Create a new rule. This will define user privileges, the mapping from scopes to ledger claims, and construct the access token.

Note, for simplicity this rule will grant access to any claims to any user. In a real setup the rule will need to validate whether the user is authorized to access the requested claims. Rules can be used to implement custom authorization policies.

This rule will define a one-to-one mapping between scopes and Daml ledger claims, this is compatible with the default request templates that are built into the OAuth 2.0 middleware.

  • Enter the name of the rule, e.g. ex-daml-token.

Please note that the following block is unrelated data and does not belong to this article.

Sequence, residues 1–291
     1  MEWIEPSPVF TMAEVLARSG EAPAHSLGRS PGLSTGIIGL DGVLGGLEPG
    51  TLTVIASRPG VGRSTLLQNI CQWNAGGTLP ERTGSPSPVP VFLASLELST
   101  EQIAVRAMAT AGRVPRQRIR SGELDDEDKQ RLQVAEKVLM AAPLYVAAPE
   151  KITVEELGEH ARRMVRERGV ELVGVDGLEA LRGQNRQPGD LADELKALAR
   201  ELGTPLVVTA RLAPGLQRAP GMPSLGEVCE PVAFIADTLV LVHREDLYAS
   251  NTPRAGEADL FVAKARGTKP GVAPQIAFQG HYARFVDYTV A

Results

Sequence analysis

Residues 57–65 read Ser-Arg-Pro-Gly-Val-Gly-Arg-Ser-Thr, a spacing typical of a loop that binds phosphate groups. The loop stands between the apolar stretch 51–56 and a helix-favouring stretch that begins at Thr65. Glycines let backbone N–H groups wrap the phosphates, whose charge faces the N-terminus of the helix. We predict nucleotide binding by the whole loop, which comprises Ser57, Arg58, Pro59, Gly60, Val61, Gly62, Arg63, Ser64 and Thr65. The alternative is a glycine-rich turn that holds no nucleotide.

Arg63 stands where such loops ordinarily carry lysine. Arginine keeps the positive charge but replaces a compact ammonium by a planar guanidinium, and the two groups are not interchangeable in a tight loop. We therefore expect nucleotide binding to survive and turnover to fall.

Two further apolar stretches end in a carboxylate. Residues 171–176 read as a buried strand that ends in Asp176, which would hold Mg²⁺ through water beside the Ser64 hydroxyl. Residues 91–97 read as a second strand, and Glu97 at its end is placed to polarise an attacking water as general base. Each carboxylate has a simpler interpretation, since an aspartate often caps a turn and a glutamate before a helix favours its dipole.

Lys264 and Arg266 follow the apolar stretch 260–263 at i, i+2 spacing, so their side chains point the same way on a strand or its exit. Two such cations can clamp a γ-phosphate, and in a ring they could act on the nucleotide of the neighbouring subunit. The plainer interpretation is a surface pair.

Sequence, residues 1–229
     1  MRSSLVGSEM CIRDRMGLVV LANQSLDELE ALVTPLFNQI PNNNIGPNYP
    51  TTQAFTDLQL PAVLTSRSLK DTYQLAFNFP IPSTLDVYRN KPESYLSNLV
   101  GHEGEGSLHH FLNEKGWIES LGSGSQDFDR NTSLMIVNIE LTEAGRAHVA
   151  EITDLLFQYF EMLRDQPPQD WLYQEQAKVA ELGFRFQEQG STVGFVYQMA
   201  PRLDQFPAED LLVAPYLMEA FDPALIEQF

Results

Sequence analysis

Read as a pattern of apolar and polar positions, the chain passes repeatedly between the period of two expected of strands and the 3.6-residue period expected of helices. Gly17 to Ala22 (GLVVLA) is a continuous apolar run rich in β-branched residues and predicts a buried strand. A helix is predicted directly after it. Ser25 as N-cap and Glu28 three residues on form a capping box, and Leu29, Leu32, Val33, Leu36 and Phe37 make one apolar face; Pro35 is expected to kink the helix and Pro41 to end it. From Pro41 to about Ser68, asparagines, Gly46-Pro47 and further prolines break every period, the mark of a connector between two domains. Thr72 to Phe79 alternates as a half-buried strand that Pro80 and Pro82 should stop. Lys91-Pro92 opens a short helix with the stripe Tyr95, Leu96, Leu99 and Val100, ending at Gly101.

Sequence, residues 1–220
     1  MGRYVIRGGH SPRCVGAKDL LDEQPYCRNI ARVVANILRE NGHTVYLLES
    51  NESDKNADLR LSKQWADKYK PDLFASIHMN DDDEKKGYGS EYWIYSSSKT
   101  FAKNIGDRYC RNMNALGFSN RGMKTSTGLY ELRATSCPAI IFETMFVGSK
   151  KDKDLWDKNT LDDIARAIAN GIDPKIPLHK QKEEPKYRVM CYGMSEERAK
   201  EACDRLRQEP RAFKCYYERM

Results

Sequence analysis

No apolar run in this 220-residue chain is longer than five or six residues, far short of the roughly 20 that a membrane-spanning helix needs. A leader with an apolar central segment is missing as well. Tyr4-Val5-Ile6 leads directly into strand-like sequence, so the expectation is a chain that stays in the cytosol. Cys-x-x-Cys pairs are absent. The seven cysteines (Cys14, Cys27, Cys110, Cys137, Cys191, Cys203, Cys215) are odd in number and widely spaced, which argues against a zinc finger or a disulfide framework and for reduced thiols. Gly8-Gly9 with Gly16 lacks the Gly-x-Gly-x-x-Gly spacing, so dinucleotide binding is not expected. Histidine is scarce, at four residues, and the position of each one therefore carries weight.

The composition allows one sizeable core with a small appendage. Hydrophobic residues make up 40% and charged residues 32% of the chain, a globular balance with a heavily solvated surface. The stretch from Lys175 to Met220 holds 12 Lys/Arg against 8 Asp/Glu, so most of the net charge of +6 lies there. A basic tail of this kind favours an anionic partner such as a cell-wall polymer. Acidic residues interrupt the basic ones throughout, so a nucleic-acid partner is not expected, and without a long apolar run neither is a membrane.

• Enter the following script:

    function (user, context, callback) {
      // NOTE change the ledger ID to match your deployment.
      const ledgerId = 'daml-auth0-example-ledger';
      const apiId = '';
      const query = context.request.query;
      // Only handle ledger-api audience.
      const audience = query && query.audience || "";
      if (audience !== apiId) {
        return callback(null, user, context);
      // Determine requested claims.
      var admin = false;
      var readAs = [];
      var actAs = [];
      var applicationId = null;
      const scope = (query && query.scope || "").split(" ");
      scope.forEach(s => {
        if (s === "admin") {
          admin = true;
        } else if (s.startsWith("readAs:")) {
        } else if (s.startsWith("actAs:")) {
        } else if (s.startsWith("applicationId:")) {
          applicationId = s.slice(14);
      // Construct access token.
      context.accessToken[apiId] = {
        "ledgerId": ledgerId,